• The human body is divided into a number of body cavities, fluid-filled spaces in the body that hold and protect internal organs. The two largest human body cavities are the ventral cavity and dorsal cavity.
  • The ventral cavity is at the anterior (or front) of the trunk. It is subdivided into the thoracic cavity and abdominopelvic cavity.
  • The dorsal cavity is at the posterior (or back) of the body, and includes the head and the back of the trunk. It is subdivided into the cranial cavity and spinal cavity.

7.6 Review Questions

    1. What is a body cavity?
    2. Compare and contrast the ventral and dorsal body cavities.
    3. Identify the subdivisions of the ventral cavity, and the organs each contains.
    4. Describe the subdivisions of the dorsal cavity and their contents.
    5. Identify and describe all the tissues that protect the brain and spinal cord.
    6. What do you think might happen if fluid were to build up excessively in one of the body cavities?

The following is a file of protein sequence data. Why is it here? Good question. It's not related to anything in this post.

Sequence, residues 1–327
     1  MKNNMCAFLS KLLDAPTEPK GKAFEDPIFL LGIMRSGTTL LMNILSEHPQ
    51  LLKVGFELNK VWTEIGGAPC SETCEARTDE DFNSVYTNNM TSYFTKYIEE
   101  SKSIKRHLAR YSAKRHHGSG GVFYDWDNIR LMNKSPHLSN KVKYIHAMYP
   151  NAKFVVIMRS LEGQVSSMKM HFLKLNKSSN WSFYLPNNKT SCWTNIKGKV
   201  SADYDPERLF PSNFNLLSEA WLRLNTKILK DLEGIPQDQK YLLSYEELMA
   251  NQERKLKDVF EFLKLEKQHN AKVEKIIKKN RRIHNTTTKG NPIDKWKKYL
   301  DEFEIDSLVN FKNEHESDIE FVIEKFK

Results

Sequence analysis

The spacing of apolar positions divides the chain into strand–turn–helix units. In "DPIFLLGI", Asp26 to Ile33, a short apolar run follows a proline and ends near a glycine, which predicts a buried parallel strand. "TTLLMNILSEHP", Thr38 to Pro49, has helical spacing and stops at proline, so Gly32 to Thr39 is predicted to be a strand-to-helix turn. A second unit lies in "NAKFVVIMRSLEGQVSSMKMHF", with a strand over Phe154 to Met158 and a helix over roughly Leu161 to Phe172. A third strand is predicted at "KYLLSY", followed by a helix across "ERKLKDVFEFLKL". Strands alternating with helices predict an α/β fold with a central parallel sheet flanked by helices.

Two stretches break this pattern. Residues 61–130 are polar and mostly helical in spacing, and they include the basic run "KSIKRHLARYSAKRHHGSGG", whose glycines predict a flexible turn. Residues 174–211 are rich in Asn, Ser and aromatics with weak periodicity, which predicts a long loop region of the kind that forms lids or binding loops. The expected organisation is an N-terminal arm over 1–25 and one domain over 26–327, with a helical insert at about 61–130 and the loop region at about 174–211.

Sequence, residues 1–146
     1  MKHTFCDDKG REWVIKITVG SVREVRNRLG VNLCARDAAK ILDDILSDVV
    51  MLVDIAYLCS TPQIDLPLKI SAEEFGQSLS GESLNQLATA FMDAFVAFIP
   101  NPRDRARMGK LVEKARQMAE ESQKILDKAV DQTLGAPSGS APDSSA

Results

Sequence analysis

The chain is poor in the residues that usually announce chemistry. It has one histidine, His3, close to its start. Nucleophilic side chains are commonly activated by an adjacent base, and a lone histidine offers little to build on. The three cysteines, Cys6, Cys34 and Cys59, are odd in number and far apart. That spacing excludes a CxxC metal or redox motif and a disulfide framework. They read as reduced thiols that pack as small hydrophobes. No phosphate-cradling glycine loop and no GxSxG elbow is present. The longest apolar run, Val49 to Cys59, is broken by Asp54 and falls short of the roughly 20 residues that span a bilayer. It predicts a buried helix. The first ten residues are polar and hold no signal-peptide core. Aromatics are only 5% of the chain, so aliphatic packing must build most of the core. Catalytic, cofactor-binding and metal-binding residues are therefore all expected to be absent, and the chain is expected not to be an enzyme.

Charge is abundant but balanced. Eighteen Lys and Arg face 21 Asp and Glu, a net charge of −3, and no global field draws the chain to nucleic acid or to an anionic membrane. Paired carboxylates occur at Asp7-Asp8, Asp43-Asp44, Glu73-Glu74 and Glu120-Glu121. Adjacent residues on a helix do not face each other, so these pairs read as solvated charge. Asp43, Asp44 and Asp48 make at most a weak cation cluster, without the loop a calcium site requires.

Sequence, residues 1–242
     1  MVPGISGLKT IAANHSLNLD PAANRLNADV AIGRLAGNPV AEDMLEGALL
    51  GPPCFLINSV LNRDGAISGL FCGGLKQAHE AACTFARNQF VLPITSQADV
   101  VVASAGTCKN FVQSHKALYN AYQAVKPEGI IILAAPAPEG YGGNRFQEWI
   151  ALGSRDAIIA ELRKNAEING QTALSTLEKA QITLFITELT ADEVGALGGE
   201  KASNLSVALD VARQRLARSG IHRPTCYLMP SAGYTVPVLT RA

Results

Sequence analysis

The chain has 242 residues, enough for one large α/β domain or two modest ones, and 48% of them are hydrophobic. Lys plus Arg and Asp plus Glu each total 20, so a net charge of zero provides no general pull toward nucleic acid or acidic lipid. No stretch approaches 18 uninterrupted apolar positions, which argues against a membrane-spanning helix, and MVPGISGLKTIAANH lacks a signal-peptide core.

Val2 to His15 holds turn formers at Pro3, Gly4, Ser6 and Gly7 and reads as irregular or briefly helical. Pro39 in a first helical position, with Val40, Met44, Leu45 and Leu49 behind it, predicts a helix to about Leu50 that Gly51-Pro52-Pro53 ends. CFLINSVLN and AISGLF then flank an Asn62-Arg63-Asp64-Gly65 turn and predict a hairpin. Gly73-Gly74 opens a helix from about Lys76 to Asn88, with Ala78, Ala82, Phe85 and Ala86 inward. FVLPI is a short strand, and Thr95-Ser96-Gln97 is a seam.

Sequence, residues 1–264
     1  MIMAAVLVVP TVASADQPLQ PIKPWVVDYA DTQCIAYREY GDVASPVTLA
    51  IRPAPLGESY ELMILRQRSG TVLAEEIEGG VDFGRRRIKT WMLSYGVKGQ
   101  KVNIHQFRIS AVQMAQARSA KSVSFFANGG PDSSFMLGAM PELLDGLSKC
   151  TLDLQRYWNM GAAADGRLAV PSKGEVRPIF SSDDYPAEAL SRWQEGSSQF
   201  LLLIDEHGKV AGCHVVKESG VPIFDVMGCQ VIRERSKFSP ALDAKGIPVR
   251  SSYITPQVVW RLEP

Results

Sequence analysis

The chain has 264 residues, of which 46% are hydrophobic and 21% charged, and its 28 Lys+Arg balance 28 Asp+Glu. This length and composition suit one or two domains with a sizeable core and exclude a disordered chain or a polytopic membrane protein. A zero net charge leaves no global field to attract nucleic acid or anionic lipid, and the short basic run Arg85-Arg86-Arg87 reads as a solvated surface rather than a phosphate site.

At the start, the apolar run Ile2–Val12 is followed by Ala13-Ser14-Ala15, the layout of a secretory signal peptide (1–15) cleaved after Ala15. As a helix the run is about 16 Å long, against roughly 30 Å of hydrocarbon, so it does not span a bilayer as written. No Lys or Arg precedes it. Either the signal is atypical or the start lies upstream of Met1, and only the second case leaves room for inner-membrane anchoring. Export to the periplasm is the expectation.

7. Explain why a woman’s body can accommodate a full-term fetus during pregnancy without damaging her internal organs.
    8. Which body cavity does the needle enter in a lumbar puncture?
    9. What are the names given to the three body cavity divisions where the heart is located?What are the names given to the three body cavity divisions where the kidneys are located?

7.6 Explore More

Why is meningitis so dangerous? – Melvin Sanicas, TED-Ed, 2018.


Figure 7.6.1

Brain Lobes by John A Beal, Department of Cellular Biology & Anatomy, Louisiana State University Health Sciences Center Shreveport on Wikimedia Commons is used under a CC BY 2.5 (https://creativecommons.org/licenses/by/2.5/deed.en) license.

Figure 7.6.2

body_cavities-en.svg by Mysid (SVG) on Wikimedia Commons is in the public domain (https://en.wikipedia.org/wiki/Public_domain). (Original by US National Cancer Institute [NCI].)


Mayo Clinic Staff. (n.d.). Meningitis. MayoClinic.org. https://www.mayoclinic.org/diseases-conditions/meningitis/symptoms-causes/syc-20350508

TED-Ed. (2018, November 19). Why is meningitis so dangerous? – Melvin Sanicas. YouTube. https://www.youtube.com/watch?v=IaQdv_dBDqM&feature=youtu.be




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Human Biology Copyright © 2020 by Christine Miller is licensed under a Creative Commons Attribution-NonCommercial 4.0 International License, except where otherwise noted.